King Mentuhotep II
Nebhepetra Mentuhotep, also known as Mentuhotep II, was the founder of the Middle Kingdom of Egypt and ruled for roughly fifty years, from 2061 to 2010 BC. He belonged to the 11th dynasty of Egyptian pharaohs.
Also in the lists of Abydos and Saqqara, Sankhkara is considered the immediate predecessor of Shetepibra Ammenemes I, founder of the 12th dynasty and initiator of the period known to us as the Middle Kingdom.
Certain inscriptions on isolated stone blocks in various cities of Upper Egypt show that Sankhkara was a brisk builder of temples and chapels. A long inscription engraved on the rocks of Wadi Hammamat during his eighth year of reign reports that his steward Henu was sent there to direct the stone quarries for the statues to be placed in the sacred buildings.
He says he left Coptic with three thousand well-armed soldiers after a police force cleared the way of the rebels. On the way to the Red Sea, he had many wells excavated. The inscription also speaks of a fleet sent to Punt to make a 'myrrh recipe' and it was precisely on the return that the work was carried out on the stone quarry. It is rather problematic to establish where Sankhkara was buried.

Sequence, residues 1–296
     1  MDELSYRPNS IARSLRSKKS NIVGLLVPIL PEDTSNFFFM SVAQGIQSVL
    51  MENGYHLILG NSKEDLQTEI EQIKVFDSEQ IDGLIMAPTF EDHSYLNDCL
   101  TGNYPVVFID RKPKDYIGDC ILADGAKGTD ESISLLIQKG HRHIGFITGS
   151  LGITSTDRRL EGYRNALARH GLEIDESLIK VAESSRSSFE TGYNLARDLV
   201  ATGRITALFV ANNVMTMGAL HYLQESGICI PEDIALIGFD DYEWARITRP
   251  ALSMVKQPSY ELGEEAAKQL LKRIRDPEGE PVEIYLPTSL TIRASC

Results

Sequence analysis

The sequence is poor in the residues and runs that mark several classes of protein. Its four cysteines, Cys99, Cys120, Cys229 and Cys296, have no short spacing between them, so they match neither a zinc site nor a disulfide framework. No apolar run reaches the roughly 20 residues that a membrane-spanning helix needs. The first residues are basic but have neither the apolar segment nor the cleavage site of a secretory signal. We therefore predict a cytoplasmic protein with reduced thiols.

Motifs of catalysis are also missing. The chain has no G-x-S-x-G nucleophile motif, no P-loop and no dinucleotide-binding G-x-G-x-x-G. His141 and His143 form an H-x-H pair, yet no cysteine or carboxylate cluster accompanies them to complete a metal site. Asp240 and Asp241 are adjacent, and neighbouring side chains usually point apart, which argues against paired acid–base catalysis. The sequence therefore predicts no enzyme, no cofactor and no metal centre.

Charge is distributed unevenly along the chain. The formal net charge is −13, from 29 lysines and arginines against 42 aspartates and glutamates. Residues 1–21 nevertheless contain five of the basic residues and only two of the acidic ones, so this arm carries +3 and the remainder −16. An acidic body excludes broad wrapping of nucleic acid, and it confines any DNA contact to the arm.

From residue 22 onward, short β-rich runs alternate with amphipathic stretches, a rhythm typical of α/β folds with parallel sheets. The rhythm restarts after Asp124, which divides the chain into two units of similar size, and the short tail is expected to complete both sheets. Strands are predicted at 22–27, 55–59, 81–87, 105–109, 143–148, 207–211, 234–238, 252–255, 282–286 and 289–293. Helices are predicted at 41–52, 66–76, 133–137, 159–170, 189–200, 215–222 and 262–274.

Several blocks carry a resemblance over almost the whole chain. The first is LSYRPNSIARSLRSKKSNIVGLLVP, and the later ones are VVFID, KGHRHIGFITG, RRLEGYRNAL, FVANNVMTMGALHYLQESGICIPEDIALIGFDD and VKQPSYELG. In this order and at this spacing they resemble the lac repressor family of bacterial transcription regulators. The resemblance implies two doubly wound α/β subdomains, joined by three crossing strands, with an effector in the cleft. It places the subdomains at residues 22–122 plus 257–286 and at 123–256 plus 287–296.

Next to Deir el-Bahri to the south lies the wide and elevated hill of Sheikh Abd el-Qurna, and to the south of this, there is a valley more or less similar to the one chosen by Menthotpe I for his own grave, although very less picturesque, where you can see the vestiges of a wide elevated road and the beginning of a sloping tunnel. According to Winlock, this tunnel was hastily enlarged to form a burial chamber and then walled up.
It is however probable that Sankhkara was buried in those areas because, high on the cliffs that dominate the two valleys, the graffiti of the priests assigned to the funeral cult of the two Menthotpe remained.